The 2018 For the Sake of All report, “Segregation in St. Louis: Dismantling the Divide,” shows how neighborhoods a few miles apart vary in unemployment, poverty, income and life expectancy rates. It identifies how a few changes in housing policies in the region could give low-income households greater access to areas with more opportunities, such as employment. Several organizations, including ArchCity Defenders, Empower Missouri and Metropolitan St. Louis Equal Housing and Opportunity Council, helped produce the report. 

Michael and Danielle Abril are active members of the Meacham Park Neighborhood Association. They show up at meetings. They volunteer. They help inform others in the community.

“Meacham Park is a blessing to us because it allowed us to be relatively close to my work and in a great place, a great community,” Michael Abril said.

The neighborhood is a mostly black area of Kirkwood that had been segregated from the rest of the city for years. But that’s changing.

Whitney Gipson was one of three women bailed out of jail before Mother’s Day thanks to the efforts of St. Louis activists. Expect Us raised nearly $3,000 through an online fundraiser. 

Members of Expect Us met with other advocates at the St. Louis Justice Center on Saturday. The event included food, children’s activities and short speeches by local demonstrators and leaders, including Democratic Missouri Rep. Bruce Franks.

Gipson, 26, told a small crowd about her experiences while staying at the city’s two jails.

About 2 percent of architects in the U.S. are African-American. That’s a statistic Michael Ford wants to change by inspiring young people to think of new ways to solve urban development problems that segregate and marginalize low-income communities.

Ford wants to achieve this goal using  hip-hop music and culture. He created The Hip-Hop Architecture Camp in 2017.

Hari Kondabolu is not afraid to talk about the topics that make people uncomfortable. Sexism, racism, colonialism — all the “isms” you can think of — are fair game at his shows.

To that he says, why wouldn’t I?

National and local artists will explore the past, present and future of city life in an upcoming exhibition in St. Louis.

Organizers of Dwell in Other Futures: art/ urbanism/ midwest say the event will expose attendees to the ways urban development constructs and reinforces how people engage, or don’t, with public spaces and the people around them.

Forward Through Ferguson is encouraging locals to imagine a St. Louis devoid of racial inequity by the year 2039.

That year will mark 25 years since the shooting death of Michael Brown in Ferguson.

The non-profit group released a preliminary action plan on Wednesday, in which community leaders and residents considered benchmark goals for the next three years. A full report will be available in June.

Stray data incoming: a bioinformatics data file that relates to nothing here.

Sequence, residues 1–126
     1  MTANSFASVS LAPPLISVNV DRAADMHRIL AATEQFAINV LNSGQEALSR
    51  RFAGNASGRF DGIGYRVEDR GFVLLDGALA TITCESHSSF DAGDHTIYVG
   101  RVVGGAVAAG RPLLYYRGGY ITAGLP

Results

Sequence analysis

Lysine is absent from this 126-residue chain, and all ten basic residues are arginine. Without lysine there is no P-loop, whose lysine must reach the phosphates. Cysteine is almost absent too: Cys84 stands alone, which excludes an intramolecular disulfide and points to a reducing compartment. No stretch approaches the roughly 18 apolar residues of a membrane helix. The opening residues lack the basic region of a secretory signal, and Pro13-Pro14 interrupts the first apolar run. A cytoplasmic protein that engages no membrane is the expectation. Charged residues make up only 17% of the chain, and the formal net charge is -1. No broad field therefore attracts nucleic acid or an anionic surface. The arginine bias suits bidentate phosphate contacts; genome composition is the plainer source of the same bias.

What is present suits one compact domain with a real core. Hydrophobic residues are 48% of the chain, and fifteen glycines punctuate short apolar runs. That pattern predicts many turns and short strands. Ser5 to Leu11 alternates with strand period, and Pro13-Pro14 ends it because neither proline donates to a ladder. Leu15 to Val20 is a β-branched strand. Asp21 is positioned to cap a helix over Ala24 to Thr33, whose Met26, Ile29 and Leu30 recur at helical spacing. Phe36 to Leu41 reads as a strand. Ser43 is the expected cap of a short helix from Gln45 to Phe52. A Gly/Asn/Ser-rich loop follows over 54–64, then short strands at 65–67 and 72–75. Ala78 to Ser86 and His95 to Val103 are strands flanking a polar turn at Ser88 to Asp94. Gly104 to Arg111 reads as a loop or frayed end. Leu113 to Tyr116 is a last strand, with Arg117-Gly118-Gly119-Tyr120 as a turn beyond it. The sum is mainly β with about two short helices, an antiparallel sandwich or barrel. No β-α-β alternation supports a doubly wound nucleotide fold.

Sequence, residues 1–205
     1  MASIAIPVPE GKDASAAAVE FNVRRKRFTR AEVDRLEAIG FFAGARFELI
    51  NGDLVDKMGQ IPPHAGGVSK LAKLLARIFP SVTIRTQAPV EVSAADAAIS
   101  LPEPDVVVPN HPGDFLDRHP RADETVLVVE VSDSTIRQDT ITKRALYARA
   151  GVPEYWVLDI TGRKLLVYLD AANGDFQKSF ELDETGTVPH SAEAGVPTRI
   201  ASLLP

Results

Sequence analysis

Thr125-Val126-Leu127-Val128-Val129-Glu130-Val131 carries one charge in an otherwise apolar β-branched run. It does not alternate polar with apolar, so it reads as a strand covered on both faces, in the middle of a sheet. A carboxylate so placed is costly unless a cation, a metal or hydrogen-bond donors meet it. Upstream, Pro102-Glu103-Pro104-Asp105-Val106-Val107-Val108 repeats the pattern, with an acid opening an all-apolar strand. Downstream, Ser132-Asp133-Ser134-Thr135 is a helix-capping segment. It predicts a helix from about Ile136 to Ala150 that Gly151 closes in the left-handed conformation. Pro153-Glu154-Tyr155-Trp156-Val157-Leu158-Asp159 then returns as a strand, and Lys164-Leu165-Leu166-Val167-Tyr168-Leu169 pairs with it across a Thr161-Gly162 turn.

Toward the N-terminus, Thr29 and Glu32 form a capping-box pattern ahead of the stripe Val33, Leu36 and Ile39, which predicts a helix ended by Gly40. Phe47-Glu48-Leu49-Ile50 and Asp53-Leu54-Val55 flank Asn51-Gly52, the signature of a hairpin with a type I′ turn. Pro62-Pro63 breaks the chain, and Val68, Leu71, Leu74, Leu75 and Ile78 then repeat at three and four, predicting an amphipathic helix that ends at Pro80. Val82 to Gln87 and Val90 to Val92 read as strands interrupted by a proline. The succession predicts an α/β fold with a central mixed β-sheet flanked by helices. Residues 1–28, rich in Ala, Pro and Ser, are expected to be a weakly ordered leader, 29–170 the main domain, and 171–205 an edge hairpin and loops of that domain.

St. Louis once had a thriving hub for Chinese immigrants moving to the city. Historical records show in 1894 there were about 1,000 people of Chinese heritage living in St. Louis, many of whom had moved to the region from California in the middle part of the century.

A St. Louis Public Radio listener wanted to know how so many Chinese businesses came to exist at Olive Boulevard near Interstate 170 in University City. The listener also wanted to know why hasn’t there been more expansion of Asian businesses there. 

On March 14, students Cardinal Ritter College Prep High School walked out of their school and through their Grand Center neighborhood in St. Louis, stopping on the steps of St. Francis Xavier College Church.

Among the Cardinal Ritter students who took part in the walkout, were two members of the school’s student council: Deja Brown, 17, is senior class president, and Darius White, 16 who is a sophomore class officer.

The 2020 census is still two years away, but there is plenty of buzz about what the federal survey will ask, including questions about citizenship and country of origin.

For the first time, people will be able to write in their origins in a blank box on the census instead of just checking a race.

The survey, which happens every ten years, is designed to count the population so federal funds can be allocated across the country. But the new questions about where people come from can generate confusion or suspicion — especially from African-Americans, who may not know where their ancestors originated, or immigrants who believe their responses might be used against them in the future.

St. Louis public safety officials want city residents to know people jailed at the St. Louis Medium Security Institution are treated humanely despite allegations to the contrary.

In March, the mayor’s spokesman invited reporters to tour the jail — commonly known as the Workhouse — after weeks of requests for access from local press. A pending lawsuit against the jail by ArchCity Defenders alleges inhumane conditions, including poor ventilation, rodent and insect infestation and problems with black mold.

Public Safety Director Jimmie Edwards and Corrections Commissioner Dale Glass fended off the claims in the lawsuit.